University of Vermont Extension 
Department of Plant and Soil Science

Anytime News Article
Dr. Leonard Perry, Extension Professor
University of Vermont
If you see a tall, very pyramidal tree along roads and wet areas with lovely yellow fall color, it may be our native eastern larch (Larix laricina).  The eastern larch, the related European larch, and their much shorter cultivars (cultivated varieties) make lovely landscape plants, if sited properly.
Larches are interesting in that with their short (one inch long), blue-green needle-like leaves they look like evergreens, but they aren’t.  After their leaves turn a golden yellow in autumn they fall, so these trees are “deciduous” just like maples and oaks.  But, since trees produce brown cones for fruiting structures, they are referred to as deciduous “conifers”— a rare combination as most conifers (such as the pines, which they are in the same family with) are evergreen.  Other deciduous conifers include the dawn redwood, bald cypress, and ginkgo.
The eastern or American larch is native to much of North America, from Alaska across Canada, down to the Midwestern and southern New England states.  Since it tolerates salt, you may see it along the coasts of New England and eastern Canada.   As you might surmise from its native range, it is quite hardy—from USDA zones 3 to perhaps 5 (annual average minimum air temperature of -40 to -10 degrees F). 
This and the other larches grow well in average soils, but also in acidic peaty (low pH) soils or wet soils.  It doesn’t grow well in dry soils, nor does it tolerate air pollution of urban areas. Larches need full sun, but some may tolerate part shade (4 to 6 hours of direct sun daily). 
Growing 50 to 60 feet high when mature, and 30 to 40 feet across at the base, the eastern larch is best sited in large landscapes with plenty of space.  There are a few cultivars that are much smaller that you may find, suitable for small residential landscapes or rock gardens.  ‘Lanark’ makes a green globe shape, only about 4 feet high and wide.  ‘Newport Beauty’ is about half this size, 2 feet high and wide, forming a cushion with dense stems. ‘Deborah Waxman’ has the pyramidal shape of the species, but only grows about 5 feet high and 3 feet wide in the first 10 years.
The European larch (Larix decidua) is even larger, growing at maturity about 80 feet high and 40 to 50 feet wide.  You may find the much smaller ‘Pendula’ with weeping shape and branches.  It only grows to 10 to 15 feet tall and 6 to 10 feet across. ‘Puli’ is a European larch that too is weeping, but with branches close to the trunk. It commonly reaches 6 to 8 feet high, and 2 feet wide.
This native of northern and central Europe is seen there as forests in the mountains of central European countries.  It is similar to the eastern larch in needs, except it is more tolerant of dry soils.  It is quicker growing and has larger cones than our native larch.   Although not quite as winter hardy (maybe through zone 4, or to -30 degrees), the European larch is fine for all but the coldest northern landscapes.  It will take some more heat than our native larch, growing into the mid-Atlantic states (USDA zone 6, or to -10 degrees), but suffers in more intense heat further south.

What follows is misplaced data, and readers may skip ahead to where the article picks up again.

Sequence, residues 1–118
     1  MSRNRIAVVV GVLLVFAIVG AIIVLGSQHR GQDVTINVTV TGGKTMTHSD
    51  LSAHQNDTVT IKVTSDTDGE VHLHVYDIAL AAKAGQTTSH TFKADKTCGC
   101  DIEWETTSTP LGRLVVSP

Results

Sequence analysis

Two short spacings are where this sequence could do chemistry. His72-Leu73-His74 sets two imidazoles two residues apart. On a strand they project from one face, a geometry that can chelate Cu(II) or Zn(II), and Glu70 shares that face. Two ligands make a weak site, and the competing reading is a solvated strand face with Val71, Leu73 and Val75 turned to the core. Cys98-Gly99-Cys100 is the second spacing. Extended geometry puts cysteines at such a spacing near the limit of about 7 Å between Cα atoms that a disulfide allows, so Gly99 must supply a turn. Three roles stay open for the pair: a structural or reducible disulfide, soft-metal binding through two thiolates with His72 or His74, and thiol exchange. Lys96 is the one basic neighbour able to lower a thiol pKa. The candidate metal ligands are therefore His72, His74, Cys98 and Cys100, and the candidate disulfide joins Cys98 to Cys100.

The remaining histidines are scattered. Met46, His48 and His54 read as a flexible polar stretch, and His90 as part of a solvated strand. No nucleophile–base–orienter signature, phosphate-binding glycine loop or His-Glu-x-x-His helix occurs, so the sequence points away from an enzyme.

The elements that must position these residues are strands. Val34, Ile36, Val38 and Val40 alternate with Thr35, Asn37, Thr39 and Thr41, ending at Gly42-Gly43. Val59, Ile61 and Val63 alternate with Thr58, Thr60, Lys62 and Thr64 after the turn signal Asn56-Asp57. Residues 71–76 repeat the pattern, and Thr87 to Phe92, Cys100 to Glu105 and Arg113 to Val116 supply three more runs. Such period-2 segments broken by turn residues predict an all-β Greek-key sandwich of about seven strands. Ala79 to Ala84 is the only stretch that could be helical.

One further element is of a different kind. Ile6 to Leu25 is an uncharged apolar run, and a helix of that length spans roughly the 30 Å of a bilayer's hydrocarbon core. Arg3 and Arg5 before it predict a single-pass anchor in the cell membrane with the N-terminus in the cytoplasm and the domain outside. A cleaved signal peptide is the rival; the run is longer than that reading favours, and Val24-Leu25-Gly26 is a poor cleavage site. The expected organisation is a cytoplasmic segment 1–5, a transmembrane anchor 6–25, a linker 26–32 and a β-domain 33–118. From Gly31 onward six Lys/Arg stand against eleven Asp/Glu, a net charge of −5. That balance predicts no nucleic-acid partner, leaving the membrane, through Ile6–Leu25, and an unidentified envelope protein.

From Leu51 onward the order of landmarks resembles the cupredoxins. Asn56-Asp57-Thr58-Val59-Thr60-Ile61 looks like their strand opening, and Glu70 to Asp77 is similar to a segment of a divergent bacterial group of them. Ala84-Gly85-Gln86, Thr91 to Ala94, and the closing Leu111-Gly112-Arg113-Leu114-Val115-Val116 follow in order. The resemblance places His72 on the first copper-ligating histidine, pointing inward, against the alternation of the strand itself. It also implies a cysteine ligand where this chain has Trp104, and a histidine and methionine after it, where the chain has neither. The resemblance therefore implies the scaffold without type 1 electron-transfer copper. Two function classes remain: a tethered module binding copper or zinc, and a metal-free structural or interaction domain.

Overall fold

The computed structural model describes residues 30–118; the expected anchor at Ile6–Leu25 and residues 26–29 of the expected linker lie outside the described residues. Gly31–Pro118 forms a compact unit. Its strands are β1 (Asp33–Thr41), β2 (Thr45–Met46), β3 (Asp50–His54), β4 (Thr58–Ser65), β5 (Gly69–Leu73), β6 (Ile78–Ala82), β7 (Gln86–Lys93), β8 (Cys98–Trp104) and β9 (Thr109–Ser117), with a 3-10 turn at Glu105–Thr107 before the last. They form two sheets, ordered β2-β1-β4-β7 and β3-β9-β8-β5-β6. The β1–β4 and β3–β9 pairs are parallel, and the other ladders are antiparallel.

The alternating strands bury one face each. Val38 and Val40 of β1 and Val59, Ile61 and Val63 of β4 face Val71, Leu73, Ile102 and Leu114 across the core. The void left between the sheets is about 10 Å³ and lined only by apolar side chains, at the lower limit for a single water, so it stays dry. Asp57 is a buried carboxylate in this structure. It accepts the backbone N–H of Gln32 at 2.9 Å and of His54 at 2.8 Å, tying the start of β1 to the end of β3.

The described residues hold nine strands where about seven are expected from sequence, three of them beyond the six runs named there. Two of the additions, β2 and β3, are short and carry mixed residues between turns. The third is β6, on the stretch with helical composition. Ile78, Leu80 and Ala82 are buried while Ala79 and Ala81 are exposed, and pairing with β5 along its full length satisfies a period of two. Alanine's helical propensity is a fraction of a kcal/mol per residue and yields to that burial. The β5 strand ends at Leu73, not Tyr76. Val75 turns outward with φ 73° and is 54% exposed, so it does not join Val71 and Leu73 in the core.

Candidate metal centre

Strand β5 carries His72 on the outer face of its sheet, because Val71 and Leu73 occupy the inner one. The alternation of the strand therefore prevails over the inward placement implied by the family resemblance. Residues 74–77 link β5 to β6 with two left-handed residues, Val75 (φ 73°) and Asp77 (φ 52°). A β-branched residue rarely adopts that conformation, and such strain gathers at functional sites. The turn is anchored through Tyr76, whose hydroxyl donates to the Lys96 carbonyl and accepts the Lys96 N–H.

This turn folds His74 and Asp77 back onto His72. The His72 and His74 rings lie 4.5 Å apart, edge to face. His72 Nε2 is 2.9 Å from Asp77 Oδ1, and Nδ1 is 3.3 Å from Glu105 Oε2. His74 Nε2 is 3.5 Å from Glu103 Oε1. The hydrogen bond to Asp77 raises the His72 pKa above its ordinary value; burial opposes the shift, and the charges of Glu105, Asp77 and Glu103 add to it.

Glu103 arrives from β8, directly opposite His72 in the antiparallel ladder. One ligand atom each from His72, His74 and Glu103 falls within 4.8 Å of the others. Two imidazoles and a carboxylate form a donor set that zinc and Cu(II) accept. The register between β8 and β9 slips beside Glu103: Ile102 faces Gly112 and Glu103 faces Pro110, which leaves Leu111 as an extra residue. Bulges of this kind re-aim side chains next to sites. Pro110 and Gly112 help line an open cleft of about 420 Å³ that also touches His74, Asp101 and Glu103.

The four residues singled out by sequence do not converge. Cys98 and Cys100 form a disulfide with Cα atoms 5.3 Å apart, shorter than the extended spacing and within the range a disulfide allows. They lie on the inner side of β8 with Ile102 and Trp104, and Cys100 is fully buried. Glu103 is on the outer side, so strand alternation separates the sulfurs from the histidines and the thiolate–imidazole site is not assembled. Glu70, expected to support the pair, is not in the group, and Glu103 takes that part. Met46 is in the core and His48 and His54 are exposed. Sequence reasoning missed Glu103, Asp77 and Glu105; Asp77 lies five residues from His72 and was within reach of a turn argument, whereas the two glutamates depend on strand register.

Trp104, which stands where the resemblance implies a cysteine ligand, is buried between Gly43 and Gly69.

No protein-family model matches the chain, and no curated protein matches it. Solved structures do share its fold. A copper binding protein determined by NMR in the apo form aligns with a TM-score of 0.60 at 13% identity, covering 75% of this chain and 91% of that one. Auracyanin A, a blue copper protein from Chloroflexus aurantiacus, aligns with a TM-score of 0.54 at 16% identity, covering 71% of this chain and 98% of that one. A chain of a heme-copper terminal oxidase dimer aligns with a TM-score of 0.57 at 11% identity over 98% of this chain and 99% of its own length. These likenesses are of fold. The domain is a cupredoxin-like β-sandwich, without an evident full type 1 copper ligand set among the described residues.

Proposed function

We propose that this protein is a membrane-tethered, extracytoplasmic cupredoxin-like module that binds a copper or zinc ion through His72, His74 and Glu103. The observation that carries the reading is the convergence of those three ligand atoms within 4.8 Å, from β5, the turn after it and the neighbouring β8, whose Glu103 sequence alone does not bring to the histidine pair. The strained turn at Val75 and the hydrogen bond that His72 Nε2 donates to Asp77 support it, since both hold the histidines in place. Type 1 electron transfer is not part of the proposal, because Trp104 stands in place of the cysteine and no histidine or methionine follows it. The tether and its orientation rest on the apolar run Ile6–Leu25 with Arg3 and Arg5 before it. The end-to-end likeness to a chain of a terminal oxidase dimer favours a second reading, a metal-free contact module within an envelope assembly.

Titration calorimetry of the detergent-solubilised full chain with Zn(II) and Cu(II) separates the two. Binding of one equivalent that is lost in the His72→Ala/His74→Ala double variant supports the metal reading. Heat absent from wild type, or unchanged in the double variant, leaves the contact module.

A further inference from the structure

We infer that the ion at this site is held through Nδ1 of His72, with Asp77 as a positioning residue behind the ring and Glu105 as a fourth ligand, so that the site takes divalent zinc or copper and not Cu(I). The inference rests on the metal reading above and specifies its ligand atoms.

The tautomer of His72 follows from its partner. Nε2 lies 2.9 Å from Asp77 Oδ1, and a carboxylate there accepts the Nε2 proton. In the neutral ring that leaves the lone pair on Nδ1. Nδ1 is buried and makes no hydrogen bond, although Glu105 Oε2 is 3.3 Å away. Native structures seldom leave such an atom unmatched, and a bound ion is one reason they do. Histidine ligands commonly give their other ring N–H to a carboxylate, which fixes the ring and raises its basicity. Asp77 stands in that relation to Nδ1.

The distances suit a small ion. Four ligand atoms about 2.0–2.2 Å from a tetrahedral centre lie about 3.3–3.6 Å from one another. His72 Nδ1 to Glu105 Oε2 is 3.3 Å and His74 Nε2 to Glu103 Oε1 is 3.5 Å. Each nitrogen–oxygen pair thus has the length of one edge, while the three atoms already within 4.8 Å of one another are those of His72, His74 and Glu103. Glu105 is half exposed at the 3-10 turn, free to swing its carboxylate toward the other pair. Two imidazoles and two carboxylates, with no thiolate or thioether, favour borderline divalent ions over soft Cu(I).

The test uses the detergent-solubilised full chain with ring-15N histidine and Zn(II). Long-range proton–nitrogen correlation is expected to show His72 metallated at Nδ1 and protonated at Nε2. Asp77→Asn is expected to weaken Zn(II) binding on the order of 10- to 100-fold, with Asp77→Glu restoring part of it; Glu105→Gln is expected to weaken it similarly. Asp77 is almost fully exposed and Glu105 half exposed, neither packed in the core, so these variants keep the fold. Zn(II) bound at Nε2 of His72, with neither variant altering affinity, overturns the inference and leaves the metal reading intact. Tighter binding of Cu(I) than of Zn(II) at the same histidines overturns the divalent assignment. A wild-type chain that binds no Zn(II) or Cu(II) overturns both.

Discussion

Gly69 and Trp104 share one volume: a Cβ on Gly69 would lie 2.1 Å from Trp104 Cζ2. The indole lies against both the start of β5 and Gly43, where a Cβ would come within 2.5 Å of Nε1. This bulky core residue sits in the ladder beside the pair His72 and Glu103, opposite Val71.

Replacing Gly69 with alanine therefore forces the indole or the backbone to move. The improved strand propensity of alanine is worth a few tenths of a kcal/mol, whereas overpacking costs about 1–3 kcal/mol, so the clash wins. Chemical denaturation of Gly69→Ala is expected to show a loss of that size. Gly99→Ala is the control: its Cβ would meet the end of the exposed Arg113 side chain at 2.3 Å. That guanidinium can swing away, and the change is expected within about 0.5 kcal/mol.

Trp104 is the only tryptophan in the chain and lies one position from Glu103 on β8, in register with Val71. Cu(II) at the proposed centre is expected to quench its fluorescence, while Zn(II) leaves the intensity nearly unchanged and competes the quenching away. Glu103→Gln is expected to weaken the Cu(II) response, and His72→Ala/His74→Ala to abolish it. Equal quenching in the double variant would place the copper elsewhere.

Finally, there is a third species of larch you often may find—the Japanese larch (Larix kaempferi)—native to the mountains of Japan.  It is very similar to the European species, only grows into slightly hotter climates (USDA zone 7, or to about 0 degrees F), and is slightly larger.  It is perhaps the most ornamental of the larches, again for large landscapes. 
As with other larches, there are cultivar choices of the Japanese that you may find for smaller landscapes.  ‘Diana’ has weeping branches and twisted leaves, growing to about 20 feet high and about 10 feet wide (perhaps 8 feet high in the first 10 years).  Another weeping from is ‘Pendula’, usually seen about 4 to 6 feet high and 3 to 5 feet wide.  ‘Nana’ is a common name meaning dwarf, which this cultivar fits.  Only growing about 3 to 4 feet high and wide, the rounded form is good in rock gardens or small sunny areas. 
If you’re looking for a really hardy larch, more unusual and less common, the Dahurian larch (Larix gmelinii) and some cultivars can be found at specialty nurseries selling dwarf conifers and rock garden plants.  With the species being native to northeastern Siberia, this larch has a similar range to our native eastern one, being quite intolerant of hot climates.  Otherwise, growing conditions are similar to the other larches. Usually you will find a dwarf cultivar of this species, the most common being ‘Romberg Park’. In 10 years it only grows to about 2 feet high and about 3 feet wide.

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